The Globe and Mail recently ran a story about a retired Ontario woman who sold her Toronto home, with a view to buying a much cheaper one, rather than aging in place. Her plan was to buy one in a quiet community near her relatives, for around $300,000. This would leave her with enough money to retire comfortably.

Unfortunately, she reckoned she realized belatedly that she may have to spend as much as $600,000 to buy a suitable home. This considerably reduced the financial benefits of downsizing.

Downsizing can also be expensive. You can read about the range of costs involved, which include:

  • Realtor commission (up to 6% of the selling price)
  • Title insurance and legal fees
  • Land transfer tax (this can be well over $10,000, depending on where you live)
  • Moving expenses
  • New furniture for a smaller home
  • Condo fees

And a Toronto retiree describes how her downsizing plan to move into a condo became a nightmare, forcing her to eventually move back into a house.

The other advantages of aging in place

The crazy-hot Canadian real estate market is not the only reason why Canadians want to stay in their home in retirement. The COVID-19 pandemic showed Canadian retirees the safety benefits of aging in place compared to living in a retirement home.

There are also emotional reasons why you might want to stay in your home in retirement:

  • Your home may contain many valuable memories of your loved ones
  • You can stay close to friends and family (this becomes even more important if you develop mobility issues)
  • Canadians are living longer and want to keep their independence for as long as possible
  • You remain in a neighbourhood you know and love
  • You don’t have to completely rebuild your social circle
  • You don’t want to move away from your favourite stores, restaurants and place of worship
  • You get to stay in the home you love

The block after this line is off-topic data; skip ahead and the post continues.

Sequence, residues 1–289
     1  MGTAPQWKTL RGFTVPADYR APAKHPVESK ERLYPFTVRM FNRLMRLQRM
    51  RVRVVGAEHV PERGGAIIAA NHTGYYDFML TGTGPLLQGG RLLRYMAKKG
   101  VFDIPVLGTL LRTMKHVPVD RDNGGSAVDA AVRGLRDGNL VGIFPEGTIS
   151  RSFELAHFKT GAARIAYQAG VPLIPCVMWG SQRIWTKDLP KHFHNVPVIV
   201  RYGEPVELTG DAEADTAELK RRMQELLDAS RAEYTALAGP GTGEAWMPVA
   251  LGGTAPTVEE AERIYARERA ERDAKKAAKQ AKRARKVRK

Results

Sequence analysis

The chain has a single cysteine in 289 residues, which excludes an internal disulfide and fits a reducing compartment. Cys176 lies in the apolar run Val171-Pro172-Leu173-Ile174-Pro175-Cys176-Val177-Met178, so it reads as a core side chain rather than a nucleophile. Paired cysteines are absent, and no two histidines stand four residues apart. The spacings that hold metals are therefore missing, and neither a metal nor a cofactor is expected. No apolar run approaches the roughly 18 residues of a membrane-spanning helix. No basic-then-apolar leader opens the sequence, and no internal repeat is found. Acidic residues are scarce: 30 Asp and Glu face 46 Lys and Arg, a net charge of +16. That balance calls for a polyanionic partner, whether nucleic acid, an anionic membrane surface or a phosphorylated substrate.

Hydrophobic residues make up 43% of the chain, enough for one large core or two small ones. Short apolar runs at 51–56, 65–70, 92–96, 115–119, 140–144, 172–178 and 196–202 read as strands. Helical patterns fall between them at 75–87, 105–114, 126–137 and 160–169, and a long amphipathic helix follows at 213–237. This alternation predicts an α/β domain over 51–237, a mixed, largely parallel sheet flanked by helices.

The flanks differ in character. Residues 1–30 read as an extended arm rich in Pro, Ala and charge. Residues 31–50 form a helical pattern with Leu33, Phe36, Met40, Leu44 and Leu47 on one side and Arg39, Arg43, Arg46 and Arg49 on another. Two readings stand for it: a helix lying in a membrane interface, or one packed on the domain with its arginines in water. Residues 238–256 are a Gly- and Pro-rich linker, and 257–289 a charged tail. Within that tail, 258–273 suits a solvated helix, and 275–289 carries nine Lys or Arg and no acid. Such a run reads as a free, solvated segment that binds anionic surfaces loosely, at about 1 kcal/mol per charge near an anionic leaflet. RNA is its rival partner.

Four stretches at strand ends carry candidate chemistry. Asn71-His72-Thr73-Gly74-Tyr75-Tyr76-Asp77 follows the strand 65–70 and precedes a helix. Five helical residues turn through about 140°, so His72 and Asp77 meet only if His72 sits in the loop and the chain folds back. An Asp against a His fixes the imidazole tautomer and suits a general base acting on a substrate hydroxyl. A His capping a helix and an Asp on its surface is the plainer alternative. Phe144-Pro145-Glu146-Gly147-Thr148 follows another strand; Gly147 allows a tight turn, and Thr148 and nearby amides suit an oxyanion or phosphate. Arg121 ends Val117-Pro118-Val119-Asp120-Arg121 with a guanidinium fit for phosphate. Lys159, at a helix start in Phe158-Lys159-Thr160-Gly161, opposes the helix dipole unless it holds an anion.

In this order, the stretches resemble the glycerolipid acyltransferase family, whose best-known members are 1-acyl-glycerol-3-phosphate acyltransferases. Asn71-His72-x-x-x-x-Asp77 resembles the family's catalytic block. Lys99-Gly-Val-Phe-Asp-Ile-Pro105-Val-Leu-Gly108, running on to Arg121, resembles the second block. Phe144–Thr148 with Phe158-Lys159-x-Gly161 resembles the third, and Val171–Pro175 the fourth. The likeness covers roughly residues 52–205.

Retirement homes and downsizing versus a reverse mortgage

While we’ve seen that 86% of Canadian retirees are keen on aging in place, 31% of them need to tap into their home’s equity to retire comfortably. Given that the Canadian real estate market has made downsizing financially unrealistic in many places, and many Canadians simply don’t want to move into a retirement community, what options are left?

A reverse mortgage could be the ideal solution. It allows for aging in place while still tapping into your home’s equity. Homeowners aged 55-plus can borrow up to 55% of the appraised value of their home. Plus, you qualify based on your age, your home’s value and its location, rather than your income and credit score.

This avoids a key disadvantage of downsizing versus a reverse mortgage: moving out of the home you love. Another disadvantage of downsizing versus a reverse mortgage is having to spend tens of thousands of dollars to move. With a reverse mortgage, you keep all of that money.

One final and crucial advantage of a reverse mortgage is that you don’t have to make any regular mortgage payments. You only have to pay back what you owe when you sell your home or move out, so it only has a positive impact on your retirement income.

Call us at 1-866-522-2447 to find out how much you could borrow to ensure you have the retirement you want, while you continue aging in place, in the home that you love.